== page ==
While it is easy to dismiss these tools as too limited to replace the desktop software model, one must also consider that users needs constantly. It is easy to look at the use of our productivity tools based on our past use of technology, but this view can become static and irrelevant quickly. New needs and capabilities arise that the older tools cannot necessarily address–at least not very quickly. It is contingent on technology leaders to continually keep a pulse on these changing user needs along with the continually expanding capabilities of the Web 2.0 tools. When considering both factors together, it gets harder to dismiss the tools.
One interesting article challenges that the time is getting close. While I am not a full believer in all the author suggest, I find he makes some interesting and convincing points about problems with our current model of computing and why that compels us to look closer at using the Web 2.0 model.
…So where are we? Performance issues, overload of patches, need to become one’s IT support: these are all signs of a failed model: installing and updating software on the desktop… It’s nice to see even the absolute Office 2.0 proponents to have come around and realize the importance of offline access. Seamless computing for a while will require online/offline access.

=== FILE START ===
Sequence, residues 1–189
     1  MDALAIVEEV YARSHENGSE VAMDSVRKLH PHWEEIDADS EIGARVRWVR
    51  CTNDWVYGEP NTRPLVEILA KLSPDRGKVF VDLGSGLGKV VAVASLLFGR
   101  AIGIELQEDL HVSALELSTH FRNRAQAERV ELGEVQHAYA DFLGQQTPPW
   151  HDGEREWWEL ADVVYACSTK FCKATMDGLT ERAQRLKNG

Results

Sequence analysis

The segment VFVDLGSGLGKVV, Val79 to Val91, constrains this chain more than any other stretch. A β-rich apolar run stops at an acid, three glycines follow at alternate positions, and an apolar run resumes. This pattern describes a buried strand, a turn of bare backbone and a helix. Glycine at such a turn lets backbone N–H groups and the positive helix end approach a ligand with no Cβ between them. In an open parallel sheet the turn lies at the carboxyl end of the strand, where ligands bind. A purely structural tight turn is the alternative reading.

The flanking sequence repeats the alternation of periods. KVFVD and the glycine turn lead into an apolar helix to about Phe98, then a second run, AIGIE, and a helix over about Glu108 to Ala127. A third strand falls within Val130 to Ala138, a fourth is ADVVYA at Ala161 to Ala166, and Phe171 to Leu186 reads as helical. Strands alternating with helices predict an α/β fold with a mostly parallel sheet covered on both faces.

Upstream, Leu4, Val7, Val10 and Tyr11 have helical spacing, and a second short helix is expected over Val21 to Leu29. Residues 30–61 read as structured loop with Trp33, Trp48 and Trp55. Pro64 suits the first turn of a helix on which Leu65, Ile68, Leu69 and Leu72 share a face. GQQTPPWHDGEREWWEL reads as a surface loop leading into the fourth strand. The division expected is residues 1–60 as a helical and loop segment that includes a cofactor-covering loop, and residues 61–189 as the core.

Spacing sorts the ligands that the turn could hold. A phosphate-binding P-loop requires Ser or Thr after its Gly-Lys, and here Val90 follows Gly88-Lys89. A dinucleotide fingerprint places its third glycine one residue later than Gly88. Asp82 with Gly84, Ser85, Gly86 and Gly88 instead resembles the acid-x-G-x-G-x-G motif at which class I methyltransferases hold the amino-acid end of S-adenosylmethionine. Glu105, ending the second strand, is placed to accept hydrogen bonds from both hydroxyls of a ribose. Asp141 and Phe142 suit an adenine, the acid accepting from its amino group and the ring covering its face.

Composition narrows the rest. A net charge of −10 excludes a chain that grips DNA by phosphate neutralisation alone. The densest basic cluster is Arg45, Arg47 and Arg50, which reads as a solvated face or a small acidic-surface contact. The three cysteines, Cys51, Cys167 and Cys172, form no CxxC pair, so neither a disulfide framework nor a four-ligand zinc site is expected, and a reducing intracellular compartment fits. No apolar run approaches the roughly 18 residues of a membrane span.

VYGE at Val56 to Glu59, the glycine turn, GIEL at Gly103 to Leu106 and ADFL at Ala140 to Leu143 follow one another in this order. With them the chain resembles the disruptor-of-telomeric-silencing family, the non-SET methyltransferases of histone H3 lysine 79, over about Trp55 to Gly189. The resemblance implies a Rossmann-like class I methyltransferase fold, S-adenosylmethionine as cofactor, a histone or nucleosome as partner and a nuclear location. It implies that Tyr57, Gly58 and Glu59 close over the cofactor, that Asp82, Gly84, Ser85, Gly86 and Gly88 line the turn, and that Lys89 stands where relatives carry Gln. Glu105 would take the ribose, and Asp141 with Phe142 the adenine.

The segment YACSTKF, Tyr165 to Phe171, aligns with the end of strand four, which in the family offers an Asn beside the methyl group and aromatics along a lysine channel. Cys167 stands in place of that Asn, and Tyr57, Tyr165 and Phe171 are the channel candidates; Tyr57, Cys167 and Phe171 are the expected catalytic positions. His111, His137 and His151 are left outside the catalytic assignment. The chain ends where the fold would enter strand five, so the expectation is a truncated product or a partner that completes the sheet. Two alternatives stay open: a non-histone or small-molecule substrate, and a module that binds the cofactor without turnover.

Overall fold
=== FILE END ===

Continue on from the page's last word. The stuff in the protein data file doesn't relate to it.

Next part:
We’re clearly not there yet. However, I feel we’ve passed a tipping point: while 2 years ago the ideal mix would have been desktop computing with additional online access, now I feel as a user I am better off fundamentally working online, with occasional offline access. I’ve half made the transition, and there are two features I’m waiting for to complete it:
* synchronization of my calendar and contacts data
* a better way to manage/search documents (I have a half-baked, soon-to-be-released post on the inefficiencies of the folder system).
My bet is on Google or Zoho to get there first. As soon as it happens, I’m going 100% on-demand.
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